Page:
For the majority of 14 seasons in the NBA, Amar'e Stoudemire stood tall and was among the most talented players in the league. But due to continued knee problems and other various injuries, Stoudemire announced his retirement from the NBA on Tuesday.

Drafted straight out of high school in 2002, Stoudemire spent the bulk of his career with the Phoenix Suns and New York Knicks before brief stints with the Dallas Mavericks and Miami Heat. The peak of his career was when he played for the Suns yet his time with the Knicks was apparently quite special for Stoudemire; he signed a one-day contract with the team so he can retire as a Knick.

From the Knicks:

NBA great Amar'e Stoudemire announced his retirement as a player in the National Basketball Association today, after signing with the New York Knickerbockers for his final contract in the league.

"I want to thank Mr. Dolan, Phil [Jackson] and Steve [Mills] for signing me so that I can officially retire as a New York Knick," Stoudemire said. "I came to New York in 2010 to help revitalize this franchise and we did just that. Carmelo [Anthony], Phil and Steve have continued this quest, and with this year's acquisitions, the team looks playoff-bound once again. Although my career has taken me to other places around the country, my heart had always remained in the Big Apple. Once a Knick, Always a Knick."


"For parts of six years, Amar'e Stoudemire was the face of the New York Knicks franchise because of his excellence on the court and his dedication to our community and our fans across the world," Mills said. "When Amar'e asked us to retire as a Knick, we were honored to oblige."

Although he is retiring from the NBA, there is a small chance, according to ESPN's Marc Stein, that Stoudemire will play professional basketball overseas in either China or Israel. But Stein also reports that Stoudemire will take a considerable amount of time before deciding to continue his playing career. It likely will all depend on Stoudemire's health; his career has been on a steep decline due to his athleticism fading because of repeated injury issues.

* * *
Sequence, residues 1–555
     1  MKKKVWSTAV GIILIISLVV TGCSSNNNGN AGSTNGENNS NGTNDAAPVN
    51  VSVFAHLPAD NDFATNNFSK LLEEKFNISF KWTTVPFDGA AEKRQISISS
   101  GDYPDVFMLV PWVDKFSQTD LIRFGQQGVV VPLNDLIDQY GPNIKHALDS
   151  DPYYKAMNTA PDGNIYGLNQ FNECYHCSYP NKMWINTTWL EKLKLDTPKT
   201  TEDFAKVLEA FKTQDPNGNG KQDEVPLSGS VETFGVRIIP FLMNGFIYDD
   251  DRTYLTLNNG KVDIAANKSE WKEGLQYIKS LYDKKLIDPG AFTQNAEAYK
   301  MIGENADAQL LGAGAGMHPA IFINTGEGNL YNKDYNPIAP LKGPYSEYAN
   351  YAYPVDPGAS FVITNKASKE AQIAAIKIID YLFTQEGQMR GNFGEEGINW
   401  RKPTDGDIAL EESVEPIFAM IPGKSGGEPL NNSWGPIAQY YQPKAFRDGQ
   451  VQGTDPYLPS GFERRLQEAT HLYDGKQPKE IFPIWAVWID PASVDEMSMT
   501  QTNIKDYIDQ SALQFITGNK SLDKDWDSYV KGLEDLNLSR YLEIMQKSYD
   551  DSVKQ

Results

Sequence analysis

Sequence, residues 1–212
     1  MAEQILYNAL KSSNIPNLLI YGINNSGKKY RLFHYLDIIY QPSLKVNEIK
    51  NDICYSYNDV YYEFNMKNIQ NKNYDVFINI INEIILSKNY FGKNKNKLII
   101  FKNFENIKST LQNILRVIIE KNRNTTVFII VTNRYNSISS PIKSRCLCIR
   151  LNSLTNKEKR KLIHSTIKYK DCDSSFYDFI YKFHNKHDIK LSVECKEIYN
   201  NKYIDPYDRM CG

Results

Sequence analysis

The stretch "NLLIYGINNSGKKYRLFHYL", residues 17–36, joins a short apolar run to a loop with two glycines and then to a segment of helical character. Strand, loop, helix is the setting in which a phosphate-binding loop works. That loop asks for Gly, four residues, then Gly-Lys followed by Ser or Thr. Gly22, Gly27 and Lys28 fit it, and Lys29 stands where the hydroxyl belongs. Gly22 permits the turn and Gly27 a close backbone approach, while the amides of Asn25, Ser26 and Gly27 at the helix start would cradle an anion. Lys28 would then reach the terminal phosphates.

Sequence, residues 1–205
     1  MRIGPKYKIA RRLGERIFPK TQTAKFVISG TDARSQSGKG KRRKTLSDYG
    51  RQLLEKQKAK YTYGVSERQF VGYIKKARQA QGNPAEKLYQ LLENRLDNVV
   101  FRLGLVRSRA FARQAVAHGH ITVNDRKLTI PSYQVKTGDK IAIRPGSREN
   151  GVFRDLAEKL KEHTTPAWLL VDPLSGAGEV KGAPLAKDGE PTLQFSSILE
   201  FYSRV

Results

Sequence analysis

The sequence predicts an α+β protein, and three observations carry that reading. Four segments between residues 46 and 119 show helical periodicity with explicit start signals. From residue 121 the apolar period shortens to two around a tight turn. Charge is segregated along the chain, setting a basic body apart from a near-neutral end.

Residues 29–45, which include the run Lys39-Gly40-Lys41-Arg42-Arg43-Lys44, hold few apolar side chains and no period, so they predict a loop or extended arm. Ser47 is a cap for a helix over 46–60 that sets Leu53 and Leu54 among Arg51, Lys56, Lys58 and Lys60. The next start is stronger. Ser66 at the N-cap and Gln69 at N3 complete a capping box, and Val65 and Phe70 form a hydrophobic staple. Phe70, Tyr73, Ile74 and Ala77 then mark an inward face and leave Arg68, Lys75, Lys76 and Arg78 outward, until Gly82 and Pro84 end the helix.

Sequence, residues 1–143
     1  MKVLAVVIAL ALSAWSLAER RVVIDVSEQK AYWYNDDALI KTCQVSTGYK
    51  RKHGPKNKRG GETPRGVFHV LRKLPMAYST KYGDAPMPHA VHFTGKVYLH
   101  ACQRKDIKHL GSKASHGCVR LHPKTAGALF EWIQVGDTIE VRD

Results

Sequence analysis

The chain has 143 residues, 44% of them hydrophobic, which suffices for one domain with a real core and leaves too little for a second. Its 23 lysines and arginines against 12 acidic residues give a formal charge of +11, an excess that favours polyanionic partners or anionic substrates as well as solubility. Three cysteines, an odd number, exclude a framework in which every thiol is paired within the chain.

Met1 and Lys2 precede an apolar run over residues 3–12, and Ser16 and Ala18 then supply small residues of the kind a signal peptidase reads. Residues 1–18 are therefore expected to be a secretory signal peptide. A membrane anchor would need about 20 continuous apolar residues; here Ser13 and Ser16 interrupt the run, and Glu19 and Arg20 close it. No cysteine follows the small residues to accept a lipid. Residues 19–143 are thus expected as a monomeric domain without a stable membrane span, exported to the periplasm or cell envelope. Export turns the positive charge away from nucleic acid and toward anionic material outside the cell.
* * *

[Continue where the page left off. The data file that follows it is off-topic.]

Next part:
Despite Stoudemire not going out on top, in his prime, he was an absolute beast. Stoudemire's athleticism was off the charts and his All-Star-level play was instrumental in the Suns experiencing so much success in the mid-2000s. The pairing of Steve Nash and Stoudemire in Phoenix led to one of the more entertaining and successful teams in the history of the league. Stoudemire was also a regular highlight machine in those days, routinely posterizing opponents like Anthony Tolliver:

Stoudemire was more than merely a dunker. He excelled in Phoenix and made the All-Star Game five times as a member of the Suns. Stoudemire also had one of the more virtuoso performances of all-time in the 2005 Western Conference finals against the San Antonio Spurs, where he averaged 37.0 points (55 percent shooting) and 9.8 boards. Mind you, this was against Tim Duncan, who was also at the top of his game and was one of the best defenders in the history of the league. Stoudemire gave Duncan all he could handle in that series yet the Spurs still came out on top, which frequently happened in those heated playoff mid-2000s contests between San Antonio and Phoenix.

Despite playing for the Suns for eight seasons and having success in Phoenix, Stoudemire signed with the Knicks in 2010, when the team was flush with cap space and hoped to lure LeBron James to New York. James of course joined the Heat, but the Knicks continued to believe in Stoudemire -- one reason he might have wanted to retire as a Knick since the franchise showed faith in him after numerous injuries in Phoenix.

Stoudemire made the All-Star team in his first season in New York but then injuries caught up to him once again and his game began to decline. He spent 4 1/2 seasons with the Knicks before joining the Mavs for a half-season in 2015 and then played (and started 36 games) for the Heat last season.

A six-time All-Star and a member of five All-NBA teams (two first teams, three second teams), Stoudemire will retire with averages of 18.9 points and 7.8 rebounds in his 14-year career.

The injuries might have robbed Stoudemire from truly realizing his potential, but when he was at his peak, there were few big men who could rival him. His impact on the league isn't anywhere near Duncan or other superstar big men, but Stoudemire dominated for a period.

Amar'e Stoudemire was one of the greats and his greatness should not be overlooked.

Amar'e Stoudemire has retired from the NBA. USATSI